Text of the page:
Dress Up A Bot However You Like, It Still Sucks For At Least Three Reasons…
I hate bots. I think they suck. The context I’m speaking of here is in social media where a bot is a tool you use to automatically respond to someone or to automate your content so that it posts automatically somewhere, often from one platform to the next. I’ve always said bots and automation is not a good look for a brand under most circumstances. I actually appreciate this platform (Squarespace) for making real people available in the chat to help you if you need tech support, and Facebook for all of their annoyances makes real people available in chat for advertisers too. Yet many brands - even small businesses use the Facebook Instant Messenger bot to auto reply to questions their prospects / customers may have. Many times when you visit a business page they just pop up automatically. They may even be equipped with the answer to the most frequently asked question that makes up 90% of the inquiries, and yet, in my opinion, they STILL suck.
3 Reasons Bots suck
They are impersonal…..because they are bots. As in robots.
They are your first impression for your potential customer - and while they may not make a BAD impression if they do indeed answer a question, there’s no way they are a better impression than a real answer from a real human would be. Put your notifications on and respond - at least during your business hours. You never get a second chance to make the first impression - why not make the better one? If you don’t have time to respond to a customer - someone who wants to pay you - what, uh….are you doing?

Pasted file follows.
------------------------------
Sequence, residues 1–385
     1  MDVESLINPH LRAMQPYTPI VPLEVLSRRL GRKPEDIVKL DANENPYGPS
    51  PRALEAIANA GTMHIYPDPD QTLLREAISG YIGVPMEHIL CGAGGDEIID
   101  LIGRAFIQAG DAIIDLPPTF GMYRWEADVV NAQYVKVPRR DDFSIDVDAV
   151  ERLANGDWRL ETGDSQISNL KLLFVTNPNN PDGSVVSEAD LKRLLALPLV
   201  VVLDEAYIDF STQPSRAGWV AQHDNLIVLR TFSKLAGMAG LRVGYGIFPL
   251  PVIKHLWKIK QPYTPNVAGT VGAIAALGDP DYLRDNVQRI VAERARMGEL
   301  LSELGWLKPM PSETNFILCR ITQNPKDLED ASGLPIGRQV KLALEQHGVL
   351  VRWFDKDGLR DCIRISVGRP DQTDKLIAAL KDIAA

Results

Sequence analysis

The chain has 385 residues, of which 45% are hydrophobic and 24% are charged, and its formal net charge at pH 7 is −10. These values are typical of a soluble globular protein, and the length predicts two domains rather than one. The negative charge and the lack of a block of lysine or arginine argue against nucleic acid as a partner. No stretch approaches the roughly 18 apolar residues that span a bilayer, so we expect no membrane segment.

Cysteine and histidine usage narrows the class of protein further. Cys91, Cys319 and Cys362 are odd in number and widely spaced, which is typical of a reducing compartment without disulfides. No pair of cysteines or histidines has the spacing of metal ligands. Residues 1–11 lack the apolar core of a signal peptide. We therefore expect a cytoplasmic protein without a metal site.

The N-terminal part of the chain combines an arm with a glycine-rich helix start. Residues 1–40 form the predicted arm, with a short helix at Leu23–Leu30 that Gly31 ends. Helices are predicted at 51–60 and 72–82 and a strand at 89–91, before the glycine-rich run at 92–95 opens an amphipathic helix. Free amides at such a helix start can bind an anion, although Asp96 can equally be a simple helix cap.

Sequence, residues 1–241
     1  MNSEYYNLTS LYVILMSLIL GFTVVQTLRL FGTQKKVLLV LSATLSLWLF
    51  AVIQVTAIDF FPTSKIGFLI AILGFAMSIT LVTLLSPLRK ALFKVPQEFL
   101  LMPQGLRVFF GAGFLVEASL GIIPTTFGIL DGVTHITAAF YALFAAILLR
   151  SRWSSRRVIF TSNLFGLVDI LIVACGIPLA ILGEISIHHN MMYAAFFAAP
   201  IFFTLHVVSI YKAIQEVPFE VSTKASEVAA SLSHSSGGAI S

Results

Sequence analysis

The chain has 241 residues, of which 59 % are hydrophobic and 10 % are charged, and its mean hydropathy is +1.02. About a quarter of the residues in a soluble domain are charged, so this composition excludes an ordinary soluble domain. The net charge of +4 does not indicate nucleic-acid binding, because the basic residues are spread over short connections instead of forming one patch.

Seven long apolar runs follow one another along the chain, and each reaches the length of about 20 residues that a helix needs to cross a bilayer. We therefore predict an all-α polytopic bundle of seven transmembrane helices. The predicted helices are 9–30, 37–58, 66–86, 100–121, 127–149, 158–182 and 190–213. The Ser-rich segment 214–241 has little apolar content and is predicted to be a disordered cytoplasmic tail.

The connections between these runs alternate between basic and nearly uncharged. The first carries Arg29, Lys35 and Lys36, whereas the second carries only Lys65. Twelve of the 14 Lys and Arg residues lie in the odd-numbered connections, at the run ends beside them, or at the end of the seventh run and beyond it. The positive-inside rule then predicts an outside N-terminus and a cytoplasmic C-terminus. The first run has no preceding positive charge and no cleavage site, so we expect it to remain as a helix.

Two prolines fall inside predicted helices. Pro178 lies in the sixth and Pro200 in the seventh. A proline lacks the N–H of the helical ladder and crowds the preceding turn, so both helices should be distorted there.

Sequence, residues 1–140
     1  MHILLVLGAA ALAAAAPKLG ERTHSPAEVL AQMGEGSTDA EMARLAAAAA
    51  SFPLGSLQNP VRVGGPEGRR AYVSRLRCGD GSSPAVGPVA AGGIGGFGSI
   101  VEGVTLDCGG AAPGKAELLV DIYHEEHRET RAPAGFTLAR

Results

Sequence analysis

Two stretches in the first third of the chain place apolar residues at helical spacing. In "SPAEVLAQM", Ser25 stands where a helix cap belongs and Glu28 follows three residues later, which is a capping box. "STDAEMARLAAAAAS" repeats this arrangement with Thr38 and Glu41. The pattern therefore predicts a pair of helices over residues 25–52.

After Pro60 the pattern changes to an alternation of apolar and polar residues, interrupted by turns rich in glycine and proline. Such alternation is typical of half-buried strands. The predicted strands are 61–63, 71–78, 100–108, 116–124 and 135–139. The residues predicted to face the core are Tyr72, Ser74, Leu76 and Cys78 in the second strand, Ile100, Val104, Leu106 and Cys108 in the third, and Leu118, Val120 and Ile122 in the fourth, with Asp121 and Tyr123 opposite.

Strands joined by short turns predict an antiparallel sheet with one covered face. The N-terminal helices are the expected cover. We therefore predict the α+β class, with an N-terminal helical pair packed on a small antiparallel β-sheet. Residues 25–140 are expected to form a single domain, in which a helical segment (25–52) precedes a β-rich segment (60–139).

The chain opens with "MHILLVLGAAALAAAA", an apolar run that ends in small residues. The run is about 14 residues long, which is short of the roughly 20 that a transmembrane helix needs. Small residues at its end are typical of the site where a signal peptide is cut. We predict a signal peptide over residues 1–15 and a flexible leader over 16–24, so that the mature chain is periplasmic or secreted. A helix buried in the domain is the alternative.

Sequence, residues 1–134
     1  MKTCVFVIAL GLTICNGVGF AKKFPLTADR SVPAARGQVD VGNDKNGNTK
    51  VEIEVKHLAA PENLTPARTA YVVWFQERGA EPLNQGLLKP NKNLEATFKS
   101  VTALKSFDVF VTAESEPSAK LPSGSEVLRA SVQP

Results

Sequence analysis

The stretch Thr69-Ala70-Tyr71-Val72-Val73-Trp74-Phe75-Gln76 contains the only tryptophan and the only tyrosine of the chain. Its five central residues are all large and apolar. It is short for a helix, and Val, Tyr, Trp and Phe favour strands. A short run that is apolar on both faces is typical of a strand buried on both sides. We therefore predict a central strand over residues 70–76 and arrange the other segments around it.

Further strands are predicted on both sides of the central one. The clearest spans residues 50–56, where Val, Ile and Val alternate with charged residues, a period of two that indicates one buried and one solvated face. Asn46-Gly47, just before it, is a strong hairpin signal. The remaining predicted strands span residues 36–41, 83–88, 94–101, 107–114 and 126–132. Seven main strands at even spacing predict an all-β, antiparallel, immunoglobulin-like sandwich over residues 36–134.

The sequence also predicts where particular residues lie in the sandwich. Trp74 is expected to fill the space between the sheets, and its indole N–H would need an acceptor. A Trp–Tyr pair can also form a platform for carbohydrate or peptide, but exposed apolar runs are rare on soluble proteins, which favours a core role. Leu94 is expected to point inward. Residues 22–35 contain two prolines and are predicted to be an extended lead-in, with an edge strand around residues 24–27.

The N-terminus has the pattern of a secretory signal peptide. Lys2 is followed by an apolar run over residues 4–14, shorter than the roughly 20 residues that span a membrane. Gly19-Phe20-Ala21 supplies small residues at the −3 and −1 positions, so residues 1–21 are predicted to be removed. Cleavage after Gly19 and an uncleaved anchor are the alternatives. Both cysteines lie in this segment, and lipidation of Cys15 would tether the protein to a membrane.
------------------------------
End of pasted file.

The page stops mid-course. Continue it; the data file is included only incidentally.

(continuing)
Bots used for automation suck because each platform has it’s own language, it’s own culture, it’s own etiquette - if you take your Facebook content and simply send it over to Twitter with the use of a bot it’s just lazy and it looks lazy to followers / potential customers. The Facebook link is in the tweet as well so your followers can see you just automated it. It says “Hey followers who are on twitter at the moment, my bot is alerting you I posted something over on Facebook.” Yuck. You can generally tell when something’s been automated between one platform to another. Once again I’d rather not show up at all if I’m going to look lazy when I do show up (or when my bot does). To be clear, scheduling is fine, automating is not. If you create a piece of content for Twitter and you schedule it to be posted there at a future time that’s fine as long as it was composed AS a tweet - for twitter. Remember this for later in this post…
I Pulled No Punches In Some Comments On Facebook…
You know I tell it like it is, and Social Media Examiner asked about this on Facebook to get some discussion going. I saw a kindred spirit named Lori Anne Brown make a comment and I chimed in with some support… hehe…
Lori Anne Brown Hate bots. I find automated responses very annoying.
Social Media Examiner Is there anything that could change your mind? Do you think they can get good enough to be helpful and less annoying for you? - Erik